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Japan’s tsunami refugees brace for harsh winter

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ISHINOMAKI, Japan — As the mercury plunges in Japan’s disaster-hit northeast, thousands of people in temporary homes are digging in for what could be a long, hard and very cold winter.

Snow and driving winds will add to the misery of tsunami survivors in a region where the temperature frequently dips below freezing through December, January and February.

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Many lost their homes when the huge waves swept ashore on March 11, killing 20,000 people and grinding whole neighbourhoods into matchwood.

In Ishinomaki, one of the hardest-hit coastal settlements, more than half of the city’s 61,000 houses were either swept away completely or severely damaged by the tsunami.

City authorities have built more than 7,000 temporary homes that are now providing shelter for around 6,800 families.

Heaters, insulation, new tatami straw mats and even electrically heated toilet seats have all been provided, said a city official.

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A further 6,500 families have moved into apartments rented by the local government on their behalf.

But thousands of others are not so fortunate.

Ishinomaki officials concede they are unsure how up to 20,000 families will be keeping warm this winter.

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“They must be either staying with relatives far away or living in their own house if the damage was not so bad,” an official said.

“But we don’t have much information about them.”

Hideko Kamiyama and her family were confined to the upper floor of their partially-destroyed home for months, as they patiently waited for craftsmen to transform the lower floor from a mess of broken and rotting timbers.

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“Our house was almost completely destroyed in the disaster, but many volunteers and carpenters worked hard to repair it,” she said, wrapping her jacket tighter against the cold.

“It’s 80 percent repaired now, and volunteers gave us heaters and carpets.

“(They also) gave me various things such as patches you can stick on your back to warm you up. I think I can handle the winter now, no matter how cold it gets,” Kamiyama said.

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In a town that registered a low of minus eight degrees Celsius (17 degrees Fahrenheit) in February, Kamiyama will need all the warmth she can get.

People allocated temporary homes have few complaints about the austere conditions in which they currently live, but are desperately hoping a more permanent solution can soon be found.

Ishio Abe and his family of five have been living in just three rooms since May.

The homes are intended to be used for just two years, but, says Abe, he does not know if this will be long enough.

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“We were given a stove as well as electric carpets. I think we are good for now but I have no job and I wonder what I am going to do next,” he said.

Yoshinori Sato of the Ishinomaki City Council said authorities are working hard, but they know that real recovery will only come when residents have a sense of long-term security.

“Rebuilding houses takes time, we don?t really know how long yet,” he said.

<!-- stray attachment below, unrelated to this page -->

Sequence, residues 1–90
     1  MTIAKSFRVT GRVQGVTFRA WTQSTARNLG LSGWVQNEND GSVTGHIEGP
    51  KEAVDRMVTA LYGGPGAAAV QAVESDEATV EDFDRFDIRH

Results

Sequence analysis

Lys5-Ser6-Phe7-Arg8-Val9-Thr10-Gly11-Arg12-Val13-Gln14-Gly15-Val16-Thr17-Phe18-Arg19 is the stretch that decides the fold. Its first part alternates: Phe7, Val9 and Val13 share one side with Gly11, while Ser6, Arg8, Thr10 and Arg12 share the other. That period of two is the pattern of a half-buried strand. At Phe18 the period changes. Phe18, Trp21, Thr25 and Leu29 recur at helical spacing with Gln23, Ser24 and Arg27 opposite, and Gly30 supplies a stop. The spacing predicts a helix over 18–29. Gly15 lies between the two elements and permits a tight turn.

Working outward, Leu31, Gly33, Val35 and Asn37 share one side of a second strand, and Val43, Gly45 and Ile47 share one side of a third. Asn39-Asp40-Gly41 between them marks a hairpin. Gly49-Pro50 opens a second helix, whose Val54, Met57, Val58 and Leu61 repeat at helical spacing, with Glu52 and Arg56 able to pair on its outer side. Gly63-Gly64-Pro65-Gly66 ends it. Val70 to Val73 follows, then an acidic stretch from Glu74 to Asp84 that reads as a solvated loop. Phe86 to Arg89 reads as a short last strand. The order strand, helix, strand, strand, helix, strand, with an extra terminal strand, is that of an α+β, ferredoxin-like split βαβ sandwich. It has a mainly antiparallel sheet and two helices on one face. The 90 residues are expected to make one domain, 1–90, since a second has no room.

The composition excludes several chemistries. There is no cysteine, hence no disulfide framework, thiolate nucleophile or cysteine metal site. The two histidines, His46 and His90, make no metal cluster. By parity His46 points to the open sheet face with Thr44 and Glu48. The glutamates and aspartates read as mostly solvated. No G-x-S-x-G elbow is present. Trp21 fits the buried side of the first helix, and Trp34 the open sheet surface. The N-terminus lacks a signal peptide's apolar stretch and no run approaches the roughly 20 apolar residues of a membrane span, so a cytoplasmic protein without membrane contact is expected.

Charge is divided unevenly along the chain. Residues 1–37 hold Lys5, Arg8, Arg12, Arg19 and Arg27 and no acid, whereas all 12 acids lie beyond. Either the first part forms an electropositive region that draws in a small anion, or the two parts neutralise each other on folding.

“Once we have some idea, we can start telling the people when they can move back into real houses.”

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So-called ‘limited’ nuclear war would actually be very bad and kill tens of millions, warns new report

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"We urgently need sensible action to reduce and eliminate nuclear risk."

Even a limited nuclear war would be catastrophic and kill millions, a new study finds, despite the belief of the Pentagon that the U.S. military could effectively and safely use nuclear weapons in a conflict.

The report, which Princeton University's Science and Global Security Lab presents in video form, affirms the position of anti-nuclear war activists that no use of nuclear weapons is sensible—or safe.

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US Secretary of State Mike Pompeo was to fly to Saudi Arabia Tuesday to discuss possible retaliation after Washington said it had proof that attacks on Saudi oil installations originated in Iran.

Vice President Mike Pence announced that Pompeo was on his way to Saudi Arabia to "discuss our response."

"As the president said, we don't want war with anybody but the United States is prepared," Pence said in a speech to the Heritage Foundation think tank in Washington.

"We're locked and loaded and we're ready to defend our interests and allies in the region, make no mistake about it," he said, echoing President Donald Trump's words on Monday.

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‘I’ve heard enough’: Representative refuses to ask Lewandowski questions because it’s giving him ‘a platform’

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In a brief moment of the Corey Lewandowski hearing Tuesday, Rep. Mary Gay Scanlon (D-PA) refused to allow the top Trump advisor any more time to promote himself or his political campaign.

She probed whether President Donald Trump had ever promised to pardon Lewandowski, which he refused to answer.

"The president did indicate that he’s going to support your Senate campaign. Didn’t he?" Scanlon asked. But Lewandowski said he wasn't sure.

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